Newspaper article The Christian Science Monitor

Sharing a Home as Well as the Moon

Newspaper article The Christian Science Monitor

Sharing a Home as Well as the Moon

Article excerpt

I'm ever so grateful the Mizuno family didn't kill me when I asked them to. It was the summer of 1967. Along with nearly two dozen other American high school students, I had just landed in Japan to participate in an international exchange program.

The trip had come to be in a rather roundabout way. When my older sister was 17, she had the unexpected opportunity to spend a summer with a Spanish-speaking family in Quito, Ecuador. Using a clever blend of reason and whining, I reminded my fair-minded parents of this as my own 17th summer approached.

"Well.... We'll think about it," they harrumphed. Ours was not a family of jet-setters. In the experience of my practical, Wisconsin-born parents, fighting Hitler was a credible reason to travel abroad, but other than that....

"What if I do the research to find a good program? And fill out all the paperwork? And baby-sit like crazy to help pay for it?"

With their reluctant "maybe," I was launched.

Through a program called Youth For Understanding (YFU), I had a choice of six weeks in Europe, South America, or Japan. I'd like to say I chose Japan because of a keen and abiding interest in Asia, because of a deep connection with Eastern culture. Truth was, I thought kimonos were cute and I liked the movie "Sayonara."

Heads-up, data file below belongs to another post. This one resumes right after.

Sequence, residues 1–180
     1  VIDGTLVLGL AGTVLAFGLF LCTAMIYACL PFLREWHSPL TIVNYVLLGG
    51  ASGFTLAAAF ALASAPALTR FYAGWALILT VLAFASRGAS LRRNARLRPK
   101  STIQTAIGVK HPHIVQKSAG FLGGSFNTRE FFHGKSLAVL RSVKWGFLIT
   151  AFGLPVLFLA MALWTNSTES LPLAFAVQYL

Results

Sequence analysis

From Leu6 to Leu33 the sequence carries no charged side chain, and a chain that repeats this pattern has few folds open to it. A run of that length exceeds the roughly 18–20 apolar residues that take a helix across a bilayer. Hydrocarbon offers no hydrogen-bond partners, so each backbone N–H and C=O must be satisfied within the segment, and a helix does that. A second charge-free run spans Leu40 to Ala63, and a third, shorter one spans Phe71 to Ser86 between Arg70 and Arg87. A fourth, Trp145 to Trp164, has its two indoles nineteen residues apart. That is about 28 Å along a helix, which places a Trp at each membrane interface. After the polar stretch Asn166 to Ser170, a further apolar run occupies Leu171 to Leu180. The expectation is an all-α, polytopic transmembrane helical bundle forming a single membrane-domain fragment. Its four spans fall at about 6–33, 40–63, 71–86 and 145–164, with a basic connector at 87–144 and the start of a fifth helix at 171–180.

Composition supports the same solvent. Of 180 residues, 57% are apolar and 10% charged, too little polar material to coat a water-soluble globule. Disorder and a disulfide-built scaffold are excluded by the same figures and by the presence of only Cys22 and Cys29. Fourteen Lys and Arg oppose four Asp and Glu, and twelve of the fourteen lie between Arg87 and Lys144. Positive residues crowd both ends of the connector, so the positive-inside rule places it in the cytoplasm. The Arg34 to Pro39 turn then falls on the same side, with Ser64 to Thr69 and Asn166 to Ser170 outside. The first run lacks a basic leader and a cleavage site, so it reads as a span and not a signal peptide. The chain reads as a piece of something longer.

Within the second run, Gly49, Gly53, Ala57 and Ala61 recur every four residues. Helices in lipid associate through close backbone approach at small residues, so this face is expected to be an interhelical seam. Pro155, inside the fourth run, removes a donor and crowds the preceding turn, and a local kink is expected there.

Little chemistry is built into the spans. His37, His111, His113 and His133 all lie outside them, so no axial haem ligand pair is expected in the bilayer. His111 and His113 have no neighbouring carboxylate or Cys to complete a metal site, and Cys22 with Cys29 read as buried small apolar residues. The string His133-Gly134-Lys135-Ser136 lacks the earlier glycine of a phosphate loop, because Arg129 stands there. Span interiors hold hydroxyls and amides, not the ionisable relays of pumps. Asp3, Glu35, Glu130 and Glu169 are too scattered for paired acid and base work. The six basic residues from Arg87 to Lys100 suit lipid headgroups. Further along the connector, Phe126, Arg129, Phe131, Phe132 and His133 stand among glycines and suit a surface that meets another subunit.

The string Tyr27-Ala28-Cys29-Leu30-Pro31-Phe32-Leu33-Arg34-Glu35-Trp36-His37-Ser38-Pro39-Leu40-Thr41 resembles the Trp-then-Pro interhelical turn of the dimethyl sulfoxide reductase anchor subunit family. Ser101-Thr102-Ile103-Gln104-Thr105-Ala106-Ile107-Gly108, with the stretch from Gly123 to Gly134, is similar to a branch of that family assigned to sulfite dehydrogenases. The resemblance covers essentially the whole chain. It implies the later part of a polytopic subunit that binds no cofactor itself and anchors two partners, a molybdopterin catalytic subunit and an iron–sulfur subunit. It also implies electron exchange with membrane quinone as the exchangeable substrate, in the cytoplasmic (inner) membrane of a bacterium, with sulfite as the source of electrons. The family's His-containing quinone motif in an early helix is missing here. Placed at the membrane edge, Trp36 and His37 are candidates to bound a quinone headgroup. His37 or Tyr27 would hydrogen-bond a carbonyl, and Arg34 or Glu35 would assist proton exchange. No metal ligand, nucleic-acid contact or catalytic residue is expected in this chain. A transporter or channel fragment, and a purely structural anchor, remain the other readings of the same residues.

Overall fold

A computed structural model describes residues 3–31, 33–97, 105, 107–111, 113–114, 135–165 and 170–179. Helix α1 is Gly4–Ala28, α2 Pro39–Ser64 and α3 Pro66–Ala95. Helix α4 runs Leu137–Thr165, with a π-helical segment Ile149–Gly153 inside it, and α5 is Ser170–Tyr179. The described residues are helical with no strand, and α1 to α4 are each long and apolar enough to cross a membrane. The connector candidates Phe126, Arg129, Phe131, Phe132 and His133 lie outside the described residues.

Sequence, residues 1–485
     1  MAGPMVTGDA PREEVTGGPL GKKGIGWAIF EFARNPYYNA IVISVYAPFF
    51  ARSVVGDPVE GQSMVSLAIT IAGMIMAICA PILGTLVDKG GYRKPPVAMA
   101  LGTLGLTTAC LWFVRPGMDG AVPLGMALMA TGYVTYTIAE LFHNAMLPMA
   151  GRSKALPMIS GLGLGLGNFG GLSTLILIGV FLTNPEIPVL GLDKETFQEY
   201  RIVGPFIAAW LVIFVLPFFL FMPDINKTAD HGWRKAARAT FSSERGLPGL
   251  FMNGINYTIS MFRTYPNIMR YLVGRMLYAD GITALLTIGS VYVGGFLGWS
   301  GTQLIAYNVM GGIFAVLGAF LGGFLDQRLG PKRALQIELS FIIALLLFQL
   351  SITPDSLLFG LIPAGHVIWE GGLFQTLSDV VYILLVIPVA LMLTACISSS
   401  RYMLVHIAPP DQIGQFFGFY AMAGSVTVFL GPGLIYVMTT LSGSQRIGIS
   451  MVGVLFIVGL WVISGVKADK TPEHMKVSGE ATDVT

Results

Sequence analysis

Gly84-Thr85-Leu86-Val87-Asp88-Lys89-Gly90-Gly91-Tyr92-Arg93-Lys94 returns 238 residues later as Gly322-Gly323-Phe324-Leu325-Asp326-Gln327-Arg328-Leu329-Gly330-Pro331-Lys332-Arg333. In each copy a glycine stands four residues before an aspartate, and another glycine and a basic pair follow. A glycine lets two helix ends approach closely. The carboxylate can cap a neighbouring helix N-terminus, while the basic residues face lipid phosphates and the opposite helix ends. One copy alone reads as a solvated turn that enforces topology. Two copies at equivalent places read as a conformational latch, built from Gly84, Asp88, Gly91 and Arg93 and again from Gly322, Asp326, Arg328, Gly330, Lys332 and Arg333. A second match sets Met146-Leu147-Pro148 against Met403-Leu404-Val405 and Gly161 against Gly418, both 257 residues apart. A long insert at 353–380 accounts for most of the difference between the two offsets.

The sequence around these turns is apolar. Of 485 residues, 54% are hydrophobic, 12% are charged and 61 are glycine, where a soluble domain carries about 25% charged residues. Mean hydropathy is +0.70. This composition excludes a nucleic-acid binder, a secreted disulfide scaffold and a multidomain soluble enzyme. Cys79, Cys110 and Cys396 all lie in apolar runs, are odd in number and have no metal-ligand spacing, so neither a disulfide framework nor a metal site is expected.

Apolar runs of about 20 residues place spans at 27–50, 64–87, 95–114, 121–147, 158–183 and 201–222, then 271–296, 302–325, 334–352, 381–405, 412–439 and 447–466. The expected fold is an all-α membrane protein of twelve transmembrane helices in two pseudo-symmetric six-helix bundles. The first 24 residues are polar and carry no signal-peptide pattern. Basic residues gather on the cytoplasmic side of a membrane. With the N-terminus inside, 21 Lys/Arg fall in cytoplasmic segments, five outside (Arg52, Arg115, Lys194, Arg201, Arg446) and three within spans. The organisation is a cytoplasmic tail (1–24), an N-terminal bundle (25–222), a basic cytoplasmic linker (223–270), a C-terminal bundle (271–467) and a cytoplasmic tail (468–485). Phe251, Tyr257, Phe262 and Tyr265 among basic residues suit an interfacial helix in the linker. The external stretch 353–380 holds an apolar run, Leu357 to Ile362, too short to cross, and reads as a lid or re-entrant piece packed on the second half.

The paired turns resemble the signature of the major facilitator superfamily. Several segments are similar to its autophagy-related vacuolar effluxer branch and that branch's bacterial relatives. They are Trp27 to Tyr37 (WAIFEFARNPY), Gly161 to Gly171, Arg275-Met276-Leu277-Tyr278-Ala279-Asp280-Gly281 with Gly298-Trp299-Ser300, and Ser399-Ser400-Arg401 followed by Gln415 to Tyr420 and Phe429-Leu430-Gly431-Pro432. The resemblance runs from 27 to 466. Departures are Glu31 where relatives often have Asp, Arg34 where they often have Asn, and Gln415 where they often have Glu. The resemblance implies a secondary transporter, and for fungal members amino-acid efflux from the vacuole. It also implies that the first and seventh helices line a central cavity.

So one afternoon in July, I found myself in an airplane high above the Pacific, poring over a purse-sized Berlitz phrase book, practicing the expression "I am very pleased to meet you." I thought it would be a nice thing to say when I met my host family, the Mizunos, in Tokyo.

It would have been, too, if I'd been more careful about which syllable to accent.

"Doh zo yo ro SHEE koo," I said one more time to a fellow YFUer with a phrase book of her own, hitting the second-to-last syllable - SHEE - with the force of a Benihana cleaver.

After hours and hours of nothing but ocean, sky, and wispy clouds worthy of haiku, we at last glimpsed the coastline of the island of Honshu, and the plane angled over Tokyo's endless rooftops on its way to the airport. The moment I had been preparing for was near.

After we landed and our group went through customs, the YFU chaperone introduced each of us to our waiting host families. I was nervous, but confident my linguistic efforts would make a good first impression. I greeted my Japanese family - father, mother, brother, and sister - with the words I had so carefully rehearsed. Or so I thought.

A startled look swept over all four faces. Then their expressions softened into smiles, and they bowed "hello."

Later I learned why they had looked so surprised. When saying, "Doh zo yo ro shee koo," I should not have emphasized "shee." "Shee" is the Japanese word for death.

As it was, I walked up to the Mizunos, smiled, bowed deeply, then politely asked them (loosely translated) to "Please kill me. …

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